John Legend, Kennedy Center Program Pay Tribute to Marvin Gaye
Grammy award-winning singer John Legend surprised a high school choir Tuesday at the Kennedy Center to help start a program encouraging young artists to confront social issues with their art, in honor of the late Marvin Gaye.
The project, "What's Going On ... Now," echoes Gaye's lyrics and asks young people to express how things have changed in the four decades since Gaye's hit album, "What's Going On."
Students can upload videos, photos, poems, music or any recordings of creative expression to the project's website to answer that question.
Gaye's groundbreaking 1971 Motown album tackled difficult social issues such as war, drug addiction and poverty, and asked audiences to reflect on the times. His 1972 performance at the Kennedy Center in his hometown was a historic comeback for Gaye - his first live performance in two years since the death of his singing partner and friend Tammi Terrell. It's also believed to be the only time Gaye sang his entire "What's Going On" album in concert.
Legend, 33, will recreate Gaye's performance in two concerts in May with the National Symphony Orchestra and other performers. They will also incorporate recordings submitted by students. The Kennedy Center will feature user-generated content on the project's website, and two young participants will win a free trip to Washington for the concert.
Legend surprised a show choir Tuesday from Washington's Duke Ellington School of the Arts while they were rehearsing for a performance of "What's Going On" at the Kennedy Center. Many of the students' jaws dropped as Legend sat down at the piano to sing with them.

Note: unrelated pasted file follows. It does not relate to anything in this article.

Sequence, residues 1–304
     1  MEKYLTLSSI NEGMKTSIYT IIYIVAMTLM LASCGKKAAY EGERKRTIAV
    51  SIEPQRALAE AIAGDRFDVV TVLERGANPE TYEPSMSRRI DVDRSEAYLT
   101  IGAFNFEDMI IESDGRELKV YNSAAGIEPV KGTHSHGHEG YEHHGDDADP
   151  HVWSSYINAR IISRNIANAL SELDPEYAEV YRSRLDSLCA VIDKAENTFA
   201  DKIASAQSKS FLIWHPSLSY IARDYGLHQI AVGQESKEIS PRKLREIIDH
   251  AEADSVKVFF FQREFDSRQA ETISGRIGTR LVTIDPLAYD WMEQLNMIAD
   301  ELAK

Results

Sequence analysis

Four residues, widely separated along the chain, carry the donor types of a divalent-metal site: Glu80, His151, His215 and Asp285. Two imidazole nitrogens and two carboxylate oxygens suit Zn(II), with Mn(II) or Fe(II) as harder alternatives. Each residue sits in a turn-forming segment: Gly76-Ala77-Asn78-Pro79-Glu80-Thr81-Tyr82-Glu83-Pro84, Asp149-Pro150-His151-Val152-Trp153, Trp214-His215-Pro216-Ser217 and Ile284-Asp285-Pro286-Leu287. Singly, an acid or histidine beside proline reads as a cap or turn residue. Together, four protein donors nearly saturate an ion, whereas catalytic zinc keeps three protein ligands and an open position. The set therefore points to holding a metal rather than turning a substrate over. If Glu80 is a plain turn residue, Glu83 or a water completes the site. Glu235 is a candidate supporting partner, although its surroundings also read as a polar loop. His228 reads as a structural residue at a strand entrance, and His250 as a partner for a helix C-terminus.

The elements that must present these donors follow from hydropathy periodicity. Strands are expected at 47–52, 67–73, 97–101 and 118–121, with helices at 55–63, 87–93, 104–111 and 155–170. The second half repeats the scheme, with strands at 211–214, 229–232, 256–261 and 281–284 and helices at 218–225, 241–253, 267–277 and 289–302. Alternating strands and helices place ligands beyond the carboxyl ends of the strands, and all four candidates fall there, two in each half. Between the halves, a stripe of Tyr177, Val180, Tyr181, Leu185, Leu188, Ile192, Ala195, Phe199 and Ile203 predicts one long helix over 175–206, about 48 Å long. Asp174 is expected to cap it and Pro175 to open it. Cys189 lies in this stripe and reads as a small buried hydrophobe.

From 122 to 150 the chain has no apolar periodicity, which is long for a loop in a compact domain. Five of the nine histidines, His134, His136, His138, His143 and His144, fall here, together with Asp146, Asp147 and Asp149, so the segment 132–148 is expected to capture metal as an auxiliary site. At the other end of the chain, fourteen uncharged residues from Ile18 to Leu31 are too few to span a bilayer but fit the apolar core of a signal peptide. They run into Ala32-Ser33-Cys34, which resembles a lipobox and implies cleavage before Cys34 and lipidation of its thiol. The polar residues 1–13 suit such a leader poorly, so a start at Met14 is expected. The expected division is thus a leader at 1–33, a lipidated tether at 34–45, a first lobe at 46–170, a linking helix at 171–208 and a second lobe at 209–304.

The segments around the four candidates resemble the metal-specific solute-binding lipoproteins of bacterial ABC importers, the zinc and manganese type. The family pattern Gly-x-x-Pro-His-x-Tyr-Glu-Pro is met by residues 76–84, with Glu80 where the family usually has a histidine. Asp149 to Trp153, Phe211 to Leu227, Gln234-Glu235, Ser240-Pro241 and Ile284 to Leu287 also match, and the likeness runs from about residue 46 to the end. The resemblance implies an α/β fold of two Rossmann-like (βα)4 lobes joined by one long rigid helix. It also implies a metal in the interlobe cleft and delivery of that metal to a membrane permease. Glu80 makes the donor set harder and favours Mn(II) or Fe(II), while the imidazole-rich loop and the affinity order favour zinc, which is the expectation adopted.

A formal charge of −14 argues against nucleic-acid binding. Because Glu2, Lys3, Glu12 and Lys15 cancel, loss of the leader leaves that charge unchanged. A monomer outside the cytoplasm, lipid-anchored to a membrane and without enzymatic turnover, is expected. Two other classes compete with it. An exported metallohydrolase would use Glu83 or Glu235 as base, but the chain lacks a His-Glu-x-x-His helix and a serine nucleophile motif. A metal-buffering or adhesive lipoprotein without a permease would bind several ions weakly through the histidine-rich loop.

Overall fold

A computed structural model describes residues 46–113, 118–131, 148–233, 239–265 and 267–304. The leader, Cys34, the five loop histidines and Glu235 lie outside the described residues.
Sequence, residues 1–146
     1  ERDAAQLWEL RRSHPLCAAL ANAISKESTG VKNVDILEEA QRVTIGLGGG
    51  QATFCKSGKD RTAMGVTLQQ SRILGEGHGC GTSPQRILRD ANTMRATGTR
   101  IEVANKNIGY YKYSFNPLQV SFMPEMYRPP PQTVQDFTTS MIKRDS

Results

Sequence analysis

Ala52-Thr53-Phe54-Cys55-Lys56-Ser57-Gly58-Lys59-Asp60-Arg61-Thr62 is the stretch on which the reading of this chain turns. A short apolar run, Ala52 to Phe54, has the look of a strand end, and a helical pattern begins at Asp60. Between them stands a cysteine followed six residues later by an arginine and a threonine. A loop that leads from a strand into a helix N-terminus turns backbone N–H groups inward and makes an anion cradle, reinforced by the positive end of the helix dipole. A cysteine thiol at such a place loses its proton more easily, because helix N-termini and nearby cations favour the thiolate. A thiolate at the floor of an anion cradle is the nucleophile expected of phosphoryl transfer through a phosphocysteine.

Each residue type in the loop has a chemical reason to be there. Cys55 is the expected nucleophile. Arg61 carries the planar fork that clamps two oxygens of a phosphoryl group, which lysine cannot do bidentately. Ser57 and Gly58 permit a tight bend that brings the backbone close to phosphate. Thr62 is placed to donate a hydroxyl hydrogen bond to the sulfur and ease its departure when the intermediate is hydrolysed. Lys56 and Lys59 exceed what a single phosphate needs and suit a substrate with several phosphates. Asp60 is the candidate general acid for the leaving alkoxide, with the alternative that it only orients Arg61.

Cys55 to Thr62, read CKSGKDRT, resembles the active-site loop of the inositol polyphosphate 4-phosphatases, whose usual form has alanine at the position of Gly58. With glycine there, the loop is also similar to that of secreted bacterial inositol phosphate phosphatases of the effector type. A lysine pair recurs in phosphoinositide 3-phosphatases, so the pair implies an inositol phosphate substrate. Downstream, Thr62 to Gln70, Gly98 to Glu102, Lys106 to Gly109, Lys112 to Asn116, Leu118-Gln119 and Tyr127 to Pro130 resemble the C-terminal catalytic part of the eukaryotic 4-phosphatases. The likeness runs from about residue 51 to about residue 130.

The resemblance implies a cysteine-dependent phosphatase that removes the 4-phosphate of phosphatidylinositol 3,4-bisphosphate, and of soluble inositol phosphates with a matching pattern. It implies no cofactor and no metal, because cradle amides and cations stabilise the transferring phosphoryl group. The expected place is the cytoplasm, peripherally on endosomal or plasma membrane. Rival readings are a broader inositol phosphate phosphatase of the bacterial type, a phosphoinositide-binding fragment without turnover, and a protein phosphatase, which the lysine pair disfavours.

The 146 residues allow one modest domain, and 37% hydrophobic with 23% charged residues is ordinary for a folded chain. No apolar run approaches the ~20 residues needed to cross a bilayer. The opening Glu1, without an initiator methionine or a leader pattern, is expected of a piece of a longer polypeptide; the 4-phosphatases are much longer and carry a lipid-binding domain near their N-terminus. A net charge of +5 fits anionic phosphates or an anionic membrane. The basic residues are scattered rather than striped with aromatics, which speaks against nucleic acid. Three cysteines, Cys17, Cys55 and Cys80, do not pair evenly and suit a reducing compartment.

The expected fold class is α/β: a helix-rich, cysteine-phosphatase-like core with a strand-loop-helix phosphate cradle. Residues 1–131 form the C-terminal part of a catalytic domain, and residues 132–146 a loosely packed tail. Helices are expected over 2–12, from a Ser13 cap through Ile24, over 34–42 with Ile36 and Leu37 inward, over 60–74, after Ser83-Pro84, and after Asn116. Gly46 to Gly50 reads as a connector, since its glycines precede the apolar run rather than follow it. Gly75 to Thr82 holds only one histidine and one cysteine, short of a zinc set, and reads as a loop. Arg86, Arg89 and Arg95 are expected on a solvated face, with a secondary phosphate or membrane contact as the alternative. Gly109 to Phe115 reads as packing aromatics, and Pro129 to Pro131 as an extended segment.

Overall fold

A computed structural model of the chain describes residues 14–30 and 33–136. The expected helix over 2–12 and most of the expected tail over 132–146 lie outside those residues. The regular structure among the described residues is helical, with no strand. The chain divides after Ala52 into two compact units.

Legend said Gaye's tunes were part of his childhood because his parents were big fans. But that memorable album almost never happened. Motown founder Berry Gordy initially was against it but got on board when it started to sell.
It takes "a bit of boldness" for artists to take on social issues and political issues like Gaye did, Legend said.
"Music right now ... especially in hip hop, no one really wants to talk about poverty," he told The Associated Press. "And if people did make (such music), would the audience respond in a way that would encourage more people to make it?"
More often hip hop is about celebrating black wealth and success, he said, because people want music to be an escape, to be inspired.
Legend's recent album "Wake Up" with The Roots was more gritty and political and was successful in its own way, he said, but not like an album of love songs.
As Legend sang with the students, India Reynolds, 17, a member of the choir, said they all sang backgrounds a little softer to hear his voice.
"If 'What's Going On' came out yesterday, it still would have been a hit," she said. "He wrote that album so that people would listen."
Many of the same issues Gaye wrote about still linger today, such as war, violence and unemployment, she said.
"Using my craft to help people notice them is an honor," Reynolds said.
The Kennedy Center has partners in seven cities for the project, including Cleveland, Los Angeles, San Francisco, Oakland, Santa Fe, N.M., and the Chicago-based Digital Youth Network. The center created curriculum for teachers to bring the program into their classrooms, or students can join on their own.
Darrell Ayers, the center's vice president for education, said engaging students with digital media integrates literacy and artistic literacy with lessons about history and issues of the day.
It's also a way for young people "to realize the impact the arts can have, not just to make you feel good but to make people think about things."